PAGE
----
Before "Just Work" hit the shelves, we got a chance to sit down with Scott and Trier Bryant, co-founder and CEO of Just Work, which aims to help companies put the principles of the book into practice. Today on the Review, we spike out five lessons from its impactful pages and weave in additional insights from Scott and Bryant in our exclusive interview with the duo. What follows is an essential guide that leaders and their employees need to create a more just workplace and transform careers for the better — with Scott's signature knack for creating playbooks folks can apply right away.
Here's a sneak peak at the lessons:
Lesson #1: We all have a role to play. “No leader I’ve ever talked to has said, ‘I want to create the kind of environment where I can coerce everyone.’ I’ve also never met a single leader who says, ‘I want to create an organization that demands conformity.’ We know that’s not going to create good results or produce innovation. And yet too often, that’s exactly what happens," says Scott.
Lesson #2: We need a framework to go deeper than unconscious bias. “Kimberlé Crenshaw says, ‘You have to name it in order to solve it. So step one is how do you name these workplace injustices and the root causes so we can identify the solutions?” says Bryant.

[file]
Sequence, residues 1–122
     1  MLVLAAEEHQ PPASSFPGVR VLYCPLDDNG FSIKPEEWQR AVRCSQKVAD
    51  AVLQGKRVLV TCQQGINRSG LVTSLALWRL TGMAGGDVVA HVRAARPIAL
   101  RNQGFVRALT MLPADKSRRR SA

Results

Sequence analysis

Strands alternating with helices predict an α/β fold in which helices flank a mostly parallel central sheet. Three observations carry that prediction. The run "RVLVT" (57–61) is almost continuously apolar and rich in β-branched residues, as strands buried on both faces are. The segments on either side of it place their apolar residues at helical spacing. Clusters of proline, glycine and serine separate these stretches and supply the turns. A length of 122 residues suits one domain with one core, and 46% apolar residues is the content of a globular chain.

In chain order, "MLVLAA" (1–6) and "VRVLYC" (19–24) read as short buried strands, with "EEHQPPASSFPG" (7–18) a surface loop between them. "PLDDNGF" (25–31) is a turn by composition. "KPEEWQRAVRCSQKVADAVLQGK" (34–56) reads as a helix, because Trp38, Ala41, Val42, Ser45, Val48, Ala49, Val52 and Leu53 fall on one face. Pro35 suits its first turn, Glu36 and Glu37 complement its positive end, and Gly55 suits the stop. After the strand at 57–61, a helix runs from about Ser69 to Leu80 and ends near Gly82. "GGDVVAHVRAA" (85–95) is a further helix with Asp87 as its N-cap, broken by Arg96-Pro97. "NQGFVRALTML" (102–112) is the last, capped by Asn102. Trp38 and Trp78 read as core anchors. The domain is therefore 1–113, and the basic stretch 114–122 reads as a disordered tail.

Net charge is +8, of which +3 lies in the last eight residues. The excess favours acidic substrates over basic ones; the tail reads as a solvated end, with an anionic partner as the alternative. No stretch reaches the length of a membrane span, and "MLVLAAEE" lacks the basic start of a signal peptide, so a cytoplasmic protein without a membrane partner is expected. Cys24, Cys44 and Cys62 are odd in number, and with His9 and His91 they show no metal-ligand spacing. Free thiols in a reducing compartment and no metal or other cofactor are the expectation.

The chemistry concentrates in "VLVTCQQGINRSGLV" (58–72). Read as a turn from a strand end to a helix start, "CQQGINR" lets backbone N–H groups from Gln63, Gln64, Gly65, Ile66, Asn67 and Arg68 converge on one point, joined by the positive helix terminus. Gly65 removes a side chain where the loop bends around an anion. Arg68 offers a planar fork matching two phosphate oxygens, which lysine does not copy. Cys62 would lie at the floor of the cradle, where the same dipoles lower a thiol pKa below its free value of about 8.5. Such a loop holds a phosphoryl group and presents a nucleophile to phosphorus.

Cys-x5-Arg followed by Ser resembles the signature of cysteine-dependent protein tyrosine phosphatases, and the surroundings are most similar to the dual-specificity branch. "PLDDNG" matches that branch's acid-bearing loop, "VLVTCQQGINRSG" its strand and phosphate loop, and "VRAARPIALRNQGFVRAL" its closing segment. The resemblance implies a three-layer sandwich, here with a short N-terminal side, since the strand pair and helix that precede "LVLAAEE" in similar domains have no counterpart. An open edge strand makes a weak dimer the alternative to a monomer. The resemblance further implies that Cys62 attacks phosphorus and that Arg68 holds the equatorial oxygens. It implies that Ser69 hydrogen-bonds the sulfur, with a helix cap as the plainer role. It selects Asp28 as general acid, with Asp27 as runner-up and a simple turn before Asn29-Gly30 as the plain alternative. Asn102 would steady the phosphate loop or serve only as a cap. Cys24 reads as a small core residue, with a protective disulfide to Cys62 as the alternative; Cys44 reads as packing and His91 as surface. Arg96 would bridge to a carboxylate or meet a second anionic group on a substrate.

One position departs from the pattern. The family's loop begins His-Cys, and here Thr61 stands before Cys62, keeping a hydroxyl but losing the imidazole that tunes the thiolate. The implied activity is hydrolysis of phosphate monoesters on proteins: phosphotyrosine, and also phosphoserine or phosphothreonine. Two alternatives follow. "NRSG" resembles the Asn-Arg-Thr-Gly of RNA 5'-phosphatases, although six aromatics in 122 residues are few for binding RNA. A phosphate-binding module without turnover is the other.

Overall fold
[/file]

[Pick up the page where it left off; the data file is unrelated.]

Lesson #3: Hold up a mirror to bias with "I" statements and bias interruptors. “As you start having more diverse teams, your proximity to working with people that have different identities and different intersections than you is going to increase the amount of bias that can creep up in those situations,” says Bryant.
Lesson #4: Confront prejudice with "It" statements and clear standards for conduct. "Too many leaders act as if creating fair and equitable working environments is somehow separate from their core job," says Scott.
Lesson #5: Don't make exceptions for the "brilliant jerk" — confront bullying with "You" statements & clear consequences. "Atlassian provides a great example of a performance management system that actively punishes bullying. Managers rate employees along three different dimensions: how they demonstrate company values, how they deliver on expectations of their role, and the contribution they make to the team. Employees get a separate rating for each of those areas, not just an average rating," says Scott.
As always, thank you for reading and sharing!
-The Review Editors